OCCRP Weekly Roundup: Assets, Assassins and Pirates

By Valerie Hopkins

As the United States mulls normalizing trade relations with Russia, Russia’s president is pushing for a law that would mandate that all state officials and parliamentarians declare the purchase of houses, company shares and cars, President Medvedev announced on Tuesday at a meeting of the Kremlin anti-corruption council.

 Now, as he prepares to hand the reins back to Prime Minister Vladimir Putin, he has urged that the proposal be finalized next week.  If passed, all officials will have to disclose asset purchases if “the amount of money spent by an official or his family member in a single deal exceeds the total three-year official incomes of his family members.”

Medvedev promised to clamp down on corruption when he began his presidential term in 2008, but the country is still perceived as the most corrupt large economy according to watchdog NGO Transparency International.  Under the once and future President Putin, a former secret service agent, analysts are not expecting any gains in transparency.


In Kyrgyzstan, Prime Minister Babanov filed an asset declaration this week, but said he doesn’t own a private home or car in the country.  Local journalists and civil society groups say he is one of the Central Asian country’s wealthiest men and owns a bank and a cement factory, but he says his only income is that from his job as prime minister: US$18,600.  How can anyone who played a role in the privatizations that took place as the Soviet Union claim to not have any assets?  Kyrgyzstan may be dealing with transitional justice, but in just about any court, it isn’t illegal to be rich, but it is illegal to lie.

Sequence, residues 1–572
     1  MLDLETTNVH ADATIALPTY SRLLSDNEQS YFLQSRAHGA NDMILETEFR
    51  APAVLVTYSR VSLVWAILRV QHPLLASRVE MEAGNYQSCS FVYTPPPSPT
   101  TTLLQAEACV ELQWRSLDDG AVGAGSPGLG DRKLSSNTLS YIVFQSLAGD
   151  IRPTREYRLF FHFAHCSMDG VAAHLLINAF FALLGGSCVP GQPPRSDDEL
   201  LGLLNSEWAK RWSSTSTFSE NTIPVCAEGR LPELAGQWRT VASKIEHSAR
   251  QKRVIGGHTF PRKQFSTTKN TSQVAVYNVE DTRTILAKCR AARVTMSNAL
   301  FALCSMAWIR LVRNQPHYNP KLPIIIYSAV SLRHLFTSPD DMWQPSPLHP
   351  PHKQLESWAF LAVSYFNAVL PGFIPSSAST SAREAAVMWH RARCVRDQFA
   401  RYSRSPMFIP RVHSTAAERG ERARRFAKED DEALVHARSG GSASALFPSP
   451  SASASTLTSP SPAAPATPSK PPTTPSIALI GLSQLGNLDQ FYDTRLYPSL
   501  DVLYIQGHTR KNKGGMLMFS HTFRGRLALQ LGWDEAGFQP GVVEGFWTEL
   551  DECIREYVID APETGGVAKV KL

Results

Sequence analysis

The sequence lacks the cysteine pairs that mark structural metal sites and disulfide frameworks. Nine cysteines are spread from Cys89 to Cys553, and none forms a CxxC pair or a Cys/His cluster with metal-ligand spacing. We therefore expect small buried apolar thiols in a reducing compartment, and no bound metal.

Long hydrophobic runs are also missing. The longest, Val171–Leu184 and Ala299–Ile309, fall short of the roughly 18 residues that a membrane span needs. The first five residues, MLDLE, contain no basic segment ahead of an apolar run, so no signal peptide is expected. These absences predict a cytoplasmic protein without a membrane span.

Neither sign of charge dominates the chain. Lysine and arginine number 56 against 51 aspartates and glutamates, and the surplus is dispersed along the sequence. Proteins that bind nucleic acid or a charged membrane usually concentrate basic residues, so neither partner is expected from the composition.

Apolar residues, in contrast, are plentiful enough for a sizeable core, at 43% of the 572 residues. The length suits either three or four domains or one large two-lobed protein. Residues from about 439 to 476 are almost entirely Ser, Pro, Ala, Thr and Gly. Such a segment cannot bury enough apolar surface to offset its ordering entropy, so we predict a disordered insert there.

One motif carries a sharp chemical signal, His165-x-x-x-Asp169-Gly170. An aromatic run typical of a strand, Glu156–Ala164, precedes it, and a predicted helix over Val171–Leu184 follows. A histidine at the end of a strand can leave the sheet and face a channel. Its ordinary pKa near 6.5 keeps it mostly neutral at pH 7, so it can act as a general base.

Even more accusations have been made against former Ukrainian PM Yulia Tymoshenko.   Deputy Prosecutor General Renat Kuzmin announced charges yesterday alleging that a firm controlled by Tymoshenko carried out a contract killing in 1996.  Although several months ago it looked like legal loopholes would get Tymoshenko out of jail and into a hospital, this announcement renders her chances even slimmer.  She denied Kuzmin’s allegations through her lawyer.

Kuzmin maintains that in order to formally implicate Tymoshenko, he needs to question her predecessor as PM, Pavlo Yazarenko, who is serving a nine year sentence in California for extortion and corruption.  Kuzmin blamed US authorities for blocking attempts to get to Yazarenko for over one year.


The US Department of State reported that the world’s eight largest economies and many developed European countries are vulnerable to corruption and money laundering.  A group of German anti-corruption activists have fired back by forming the Pirate Party, and support for their agenda, based solely on transparency, is growing.

The United States also placed itself on the list, but it has enacted measures trying to stem the tide of money laundering and tax evasion, especially through offshore tax havens.  Starting this year, US citizens and permanent residents will have to make extensive disclosures about financial assets, even those held abroad, pursuant to the Foreign Account Tax Compliance Act (FATCA).